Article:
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Real-time Brain Mapping Technology shows
potential for improving Epilepsy and Brain
Tumor Patient Outcome
Newswise — Epilepsy and seizures affect
nearly 3 million Americans of all ages, with
200,000 new cases of seizures and epilepsy
occurring each year.
Epilepsy surgery may be performed in
patients who have seizures associated with
structural brain abnormalities, such as
benign brain tumors and cortical dysplasia,
malformations of blood vessels, the genetic
disorder tuberous sclerosis, and strokes.
The goal of epilepsy surgery is to identify
an abnormal area of brain cortex from which
the seizures originate and remove it without
causing any major functional impairment.
In the U.S., it is estimated that in 2009,
there were a total of 22,070 new cases of
brain and other CNS tumors diagnosed.
Gliomas account for 40 percent of all tumors
and 78 percent of malignant tumors. In brain
tumor surgery, the aim is always to maximize
the resection while minimizing the loss of
Malignant gliomas usually occupy, or are
continuous with functional brain tissue,
making them difficult to completely resect.
The need to preserve functions like language
and movement must be balanced with the
necessity for maximal tumor resection.
The gold-standard method of determining
cortical functional in brain surgery has
been electrocortical stimulation (ECS). ECS
works by disrupting the normal cortical
function to evoke movement or create
transient functional disruption.
Researchers at the University of Washington,
Seattle, explored the role of broadband
electrocorticographic measurement, with the
goal of improving the efficacy of brain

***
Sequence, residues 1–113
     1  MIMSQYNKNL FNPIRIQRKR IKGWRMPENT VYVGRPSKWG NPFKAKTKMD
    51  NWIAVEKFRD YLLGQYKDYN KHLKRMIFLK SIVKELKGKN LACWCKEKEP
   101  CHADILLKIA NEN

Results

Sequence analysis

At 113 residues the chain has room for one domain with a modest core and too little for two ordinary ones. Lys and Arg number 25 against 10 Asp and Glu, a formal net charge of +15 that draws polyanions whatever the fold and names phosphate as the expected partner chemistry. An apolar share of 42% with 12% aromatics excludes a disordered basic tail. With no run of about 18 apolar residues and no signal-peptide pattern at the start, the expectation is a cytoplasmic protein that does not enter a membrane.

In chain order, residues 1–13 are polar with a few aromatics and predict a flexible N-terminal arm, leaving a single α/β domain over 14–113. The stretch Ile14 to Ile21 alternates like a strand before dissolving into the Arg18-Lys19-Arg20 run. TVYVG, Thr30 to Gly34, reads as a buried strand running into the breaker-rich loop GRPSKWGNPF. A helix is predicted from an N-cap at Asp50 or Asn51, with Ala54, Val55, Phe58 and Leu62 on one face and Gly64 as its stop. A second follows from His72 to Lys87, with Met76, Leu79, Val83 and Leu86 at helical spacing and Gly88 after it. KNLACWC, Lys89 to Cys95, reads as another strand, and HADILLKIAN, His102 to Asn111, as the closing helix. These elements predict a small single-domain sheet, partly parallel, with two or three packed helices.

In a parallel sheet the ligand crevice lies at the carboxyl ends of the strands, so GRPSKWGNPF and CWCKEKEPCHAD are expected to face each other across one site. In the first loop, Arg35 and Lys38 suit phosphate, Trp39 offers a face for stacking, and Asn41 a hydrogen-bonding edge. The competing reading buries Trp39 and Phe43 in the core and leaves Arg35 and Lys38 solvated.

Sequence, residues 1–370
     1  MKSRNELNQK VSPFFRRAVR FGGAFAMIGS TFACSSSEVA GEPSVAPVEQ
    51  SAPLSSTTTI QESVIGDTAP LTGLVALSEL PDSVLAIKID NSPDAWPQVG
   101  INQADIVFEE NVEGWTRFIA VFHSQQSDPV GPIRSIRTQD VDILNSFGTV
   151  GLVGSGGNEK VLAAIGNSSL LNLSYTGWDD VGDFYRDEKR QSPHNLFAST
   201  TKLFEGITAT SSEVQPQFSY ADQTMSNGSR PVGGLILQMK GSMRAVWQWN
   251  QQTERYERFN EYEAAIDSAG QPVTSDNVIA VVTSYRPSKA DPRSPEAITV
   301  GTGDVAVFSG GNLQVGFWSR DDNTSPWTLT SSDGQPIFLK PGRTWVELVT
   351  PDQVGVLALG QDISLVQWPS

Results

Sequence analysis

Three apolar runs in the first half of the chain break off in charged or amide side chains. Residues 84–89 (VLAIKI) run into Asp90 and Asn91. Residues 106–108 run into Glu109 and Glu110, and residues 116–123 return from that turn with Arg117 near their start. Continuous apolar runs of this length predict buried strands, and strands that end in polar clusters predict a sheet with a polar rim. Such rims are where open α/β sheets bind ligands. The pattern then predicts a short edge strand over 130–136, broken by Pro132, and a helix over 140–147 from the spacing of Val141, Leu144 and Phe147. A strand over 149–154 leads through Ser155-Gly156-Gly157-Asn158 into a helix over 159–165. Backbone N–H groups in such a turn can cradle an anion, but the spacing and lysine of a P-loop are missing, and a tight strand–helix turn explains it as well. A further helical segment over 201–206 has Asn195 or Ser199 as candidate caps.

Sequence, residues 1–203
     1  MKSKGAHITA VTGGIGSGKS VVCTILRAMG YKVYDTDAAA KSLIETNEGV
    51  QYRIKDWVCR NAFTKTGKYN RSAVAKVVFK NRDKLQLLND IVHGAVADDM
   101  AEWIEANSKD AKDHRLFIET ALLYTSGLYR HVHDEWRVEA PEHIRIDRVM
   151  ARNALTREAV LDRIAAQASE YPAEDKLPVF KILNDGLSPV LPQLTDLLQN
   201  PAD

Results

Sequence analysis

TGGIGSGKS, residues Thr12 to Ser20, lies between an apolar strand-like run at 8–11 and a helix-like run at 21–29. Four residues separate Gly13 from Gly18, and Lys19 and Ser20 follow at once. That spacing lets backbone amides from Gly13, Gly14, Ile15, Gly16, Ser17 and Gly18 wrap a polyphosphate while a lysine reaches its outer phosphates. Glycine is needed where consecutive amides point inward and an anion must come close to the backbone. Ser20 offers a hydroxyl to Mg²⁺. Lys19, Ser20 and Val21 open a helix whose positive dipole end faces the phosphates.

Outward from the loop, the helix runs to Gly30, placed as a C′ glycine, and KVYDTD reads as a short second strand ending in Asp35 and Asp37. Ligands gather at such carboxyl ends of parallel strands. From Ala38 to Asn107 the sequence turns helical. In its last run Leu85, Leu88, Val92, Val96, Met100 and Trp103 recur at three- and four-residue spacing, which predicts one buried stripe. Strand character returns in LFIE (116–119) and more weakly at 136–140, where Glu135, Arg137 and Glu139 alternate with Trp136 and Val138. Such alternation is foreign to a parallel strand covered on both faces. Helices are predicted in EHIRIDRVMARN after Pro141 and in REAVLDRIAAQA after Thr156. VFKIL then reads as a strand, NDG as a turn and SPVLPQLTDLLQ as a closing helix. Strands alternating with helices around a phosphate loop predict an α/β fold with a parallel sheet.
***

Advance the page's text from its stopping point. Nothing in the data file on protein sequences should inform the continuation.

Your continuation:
The results of this study, Real-Time
Electrocorticographic Mapping of Eloquent
Cortex, were presented by Kai Miller, PhD,
May 3, 2010, during the 78th Annual
Meeting of the American Association of
Neurological Surgeons in Philadelphia.
Co-authors are Adam O. Hebb, MD, and Jeffrey
G. Ojemann, MD.
Electrocorticographic (ECoG) recordings were
produced using subdural electrodes and
SynAmps2 amplifiers, set to sample at 1 kHz
and band-pass filter from 0.15 to 200 Hz.
Data were collected and processed online at
the bedside using software on a laptop
A total of 11 patients with epilepsy,
awaiting brain surgery, were enrolled in
The efficacy of simple integration of
“chi-band” (76-200Hz) change in the ECoG
signal was analyzed by implementing a simple
band-pass filter, to estimate broadband
Following a brief (less than 10-second)
period to characterize baseline activity,
chi-band activity was integrated while the
patients performed motor movement commands
and/or verb-generation testing.
For the motor movements testing, each
patient performed repeated opening and
closing of the hand for 3-second periods,
alternating with equal periods of rest.
Each period was visually cued, for both
movement and rest periods. The hand movement
was repeated 30 times, but only the first 5
or 15 seconds of movement was used for this
During simple hand movement, primary hand
motor areas were clearly identified.
Patients were asked to state verbs in
response to nouns that were presented. The
exercises spanned 15 to 30 seconds, during
which time, brain mapping took place.
While performing verb generation, primary
mouth motor areas were consistently
identified, as were areas consistent with
Broca’s and auditory speech.
“Our findings were substantiated by ECS in
the same patients. Broadband ECoG changes
can be captured in real time to identify
“This study demonstrates the existence of a
powerful new tool for functional brain
mapping in the operative and chronic implant
setting and warrants further testing,”
remarked Dr. Miller.
Founded in 1931 as the Harvey Cushing
Society, the American Association of
Neurological Surgeons (AANS) is a scientific
and educational association with more than
7,600 members worldwide.
The AANS is dedicated to advancing the
specialty of neurological surgery in order
to provide the highest quality of
neurosurgical care to the public. All active
members of the AANS are certified by the
American Board of Neurological Surgery, the
Royal College of Physicians and Surgeons
(Neurosurgery) of Canada or the Mexican
Council of Neurological Surgery, AC.
Neurological surgery is the medical
specialty concerned with the prevention,
diagnosis, treatment and rehabilitation of
disorders that affect the entire nervous
system, including the spinal column, spinal
cord, brain and peripheral nerves.
Disclosure: the author reports no conflicts